This post summarizes published criminal and related decisions from the Fourth Circuit Court of Appeals decided in September, 2020.
Reimposition of juvenile LWOP sentence unanimously affirmed
U.S. v. McCain, 974 F.3d 506 (Sept. 10, 2020). In this South Carolina case, the district court’s reimposition of a life sentence without parole (“LWOP”) for a juvenile offender was unanimously affirmed. The defendant was 17 years old and dealing heroin with another man in 2008. Suspecting that two buyers were acting as police informants, the defendant and his companion arranged a transaction with them, where the defendant repeatedly shot both men. After noticing one of the men was still alive, the defendant left to search for more bullets and ultimately tried to return to the scene with a knife. Police had already arrived on scene by the time the defendant tried to return, and the defendant was apprehended shortly thereafter. One of the victims died; the other survived with “permanent and disabling injuries.” The defendant was prosecuted as an adult and pled guilty to witness intimidation by murder and witness intimidation by attempted murder, as well as offenses relating to his use of a firearm.
At the time of the original sentencing, the defendant had an extensive juvenile record, including attempted robbery, attempted burglary, assaults, and other offenses. While awaiting sentencing, the defendant sent threatening letters to the surviving victim, his codefendant, and witnesses in the case. Because of these acts, the defendant lost an opportunity to receive a sentence other than the mandatory minimum of life without parole. He was sentenced to two concurrent life sentences and a concurrent 30-year term. Between the original sentencing and the current proceeding, the defendant was involved in numerous fights in prison (several of which involved his use of a deadly weapon) and incurred multiple other disciplinary violations, leading to a “lengthy record of misconduct.”
In 2016, the defendant moved for resentencing pursuant to Miller v. Alabama, 567 U.S. 460 (2012) (holding that mandatory LWOP sentences for juveniles violate the Eighth Amendment). The district court appointed counsel and authorized a neuropsychological evaluation. The defendant was transferred to a new facility to await resentencing, where he sexually assaulted a female inmate in the prison hospital. According to the defendant’s expert, the defendant suffered from antisocial personality disorder and attention deficit hyperactivity disorder, in addition to a disruptive childhood. He also opined that the defendant was still developing at the time of the crime and emphasized the hopelessness of the defendant’s time in prison so far. After three days of hearing, the district court “reluctantly” concluded that life without parole was the appropriate sentence and reimposed life without parole.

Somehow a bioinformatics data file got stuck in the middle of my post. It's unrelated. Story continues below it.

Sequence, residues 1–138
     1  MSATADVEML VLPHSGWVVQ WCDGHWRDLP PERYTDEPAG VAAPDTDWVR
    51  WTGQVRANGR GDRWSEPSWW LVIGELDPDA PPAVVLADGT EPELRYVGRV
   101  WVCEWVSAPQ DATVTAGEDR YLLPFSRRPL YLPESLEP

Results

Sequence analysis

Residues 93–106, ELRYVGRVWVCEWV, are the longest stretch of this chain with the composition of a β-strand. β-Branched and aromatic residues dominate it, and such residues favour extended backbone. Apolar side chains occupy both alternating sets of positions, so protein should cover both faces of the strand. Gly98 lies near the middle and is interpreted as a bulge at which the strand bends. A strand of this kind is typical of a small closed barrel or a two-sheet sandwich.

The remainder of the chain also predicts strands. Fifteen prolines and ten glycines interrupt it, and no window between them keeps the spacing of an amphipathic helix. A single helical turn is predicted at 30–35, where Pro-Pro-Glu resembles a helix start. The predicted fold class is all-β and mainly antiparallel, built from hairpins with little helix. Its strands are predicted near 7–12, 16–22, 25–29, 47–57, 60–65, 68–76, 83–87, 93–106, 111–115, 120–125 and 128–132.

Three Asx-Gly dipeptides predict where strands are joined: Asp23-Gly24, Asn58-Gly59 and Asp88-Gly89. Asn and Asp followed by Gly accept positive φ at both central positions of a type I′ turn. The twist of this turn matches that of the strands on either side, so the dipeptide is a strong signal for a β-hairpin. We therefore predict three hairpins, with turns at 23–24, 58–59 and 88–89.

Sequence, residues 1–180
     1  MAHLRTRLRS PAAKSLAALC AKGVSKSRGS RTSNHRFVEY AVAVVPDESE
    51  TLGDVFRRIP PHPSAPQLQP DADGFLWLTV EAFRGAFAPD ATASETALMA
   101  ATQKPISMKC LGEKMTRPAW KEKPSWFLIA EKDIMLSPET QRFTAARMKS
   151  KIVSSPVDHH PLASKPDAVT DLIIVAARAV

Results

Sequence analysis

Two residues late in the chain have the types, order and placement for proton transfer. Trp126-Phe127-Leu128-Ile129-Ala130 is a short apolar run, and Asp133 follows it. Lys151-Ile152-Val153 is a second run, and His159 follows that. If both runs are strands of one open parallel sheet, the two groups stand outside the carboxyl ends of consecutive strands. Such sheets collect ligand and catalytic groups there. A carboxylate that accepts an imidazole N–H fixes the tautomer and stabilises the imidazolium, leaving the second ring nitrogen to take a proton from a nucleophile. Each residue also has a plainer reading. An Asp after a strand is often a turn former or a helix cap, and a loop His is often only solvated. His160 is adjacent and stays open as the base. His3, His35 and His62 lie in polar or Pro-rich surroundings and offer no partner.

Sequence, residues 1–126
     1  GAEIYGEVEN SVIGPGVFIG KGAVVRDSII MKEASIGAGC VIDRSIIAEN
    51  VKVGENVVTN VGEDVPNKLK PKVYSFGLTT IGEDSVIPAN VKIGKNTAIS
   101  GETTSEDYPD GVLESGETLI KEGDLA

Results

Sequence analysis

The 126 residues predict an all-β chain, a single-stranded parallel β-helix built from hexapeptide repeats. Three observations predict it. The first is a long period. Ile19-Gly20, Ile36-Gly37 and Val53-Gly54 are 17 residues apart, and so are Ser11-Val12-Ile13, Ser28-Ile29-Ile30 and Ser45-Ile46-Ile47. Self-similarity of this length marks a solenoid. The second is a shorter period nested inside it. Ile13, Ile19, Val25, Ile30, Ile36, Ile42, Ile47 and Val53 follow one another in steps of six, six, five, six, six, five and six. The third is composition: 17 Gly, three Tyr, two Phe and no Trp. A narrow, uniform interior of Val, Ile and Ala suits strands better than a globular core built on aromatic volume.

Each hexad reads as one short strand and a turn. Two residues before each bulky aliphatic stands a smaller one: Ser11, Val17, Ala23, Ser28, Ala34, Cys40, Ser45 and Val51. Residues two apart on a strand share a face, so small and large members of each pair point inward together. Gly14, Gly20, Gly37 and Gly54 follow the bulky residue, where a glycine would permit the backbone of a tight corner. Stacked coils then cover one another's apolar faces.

The defendant appealed, and the Fourth Circuit affirmed. There was no procedural error in the imposition of the new life sentence. The trial court sufficiently considered the defendant’s youth at the time of the offense in its ruling. It also properly relied on the antisocial personality disorder diagnosis and evidence of the defendant’s behavior in prison when determining the defendant was among the rare class of juvenile offenders deemed incorrigible. The trial court’s “thorough resentencing” was therefore procedurally reasonable.
The defendant requested at resentencing as an alternative form of relief that, in the event the court imposed an LWOP sentence, that it create a “de facto parole” mechanism, whereby the defendant’s sentence could eventually be reviewed for potential release. The trial judge failed to specifically address this argument at sentencing, and the defendant maintained this too was procedurally unreasonable. The Fourth Circuit rejected the argument as near-frivolous, pointing to the abolition of federal parole in 1987 and the dearth of authority cited by the defendant in support of the request.
The defendant also challenged the substantive reasonableness of his sentence, arguing that the evidence failed to support a determination that he was “irreparably corrupt” and irredeemable. Reviewing for abuse of discretion, the court disagreed:
Given this record, we cannot conclude that the district court abused its discretion in determining that McCain’s crimes, committed when he was 7-and-a-half months shy of his 18th birthday, reflected irreparable corruption rather than ‘the transient immaturity of youth.’ The court acknowledged that a sentence of life imprisonment without parole for a juvenile offender should be ‘uncommon,’ but ‘reluctantly conclude[d] this may be one of those uncommon cases where sentencing a juvenile to the hardest possible penalty is appropriate.’ Giving requisite deference to the district court’s role in assessing the evidence and the offender, we cannot find its sentence unreasonable. Id. at 22.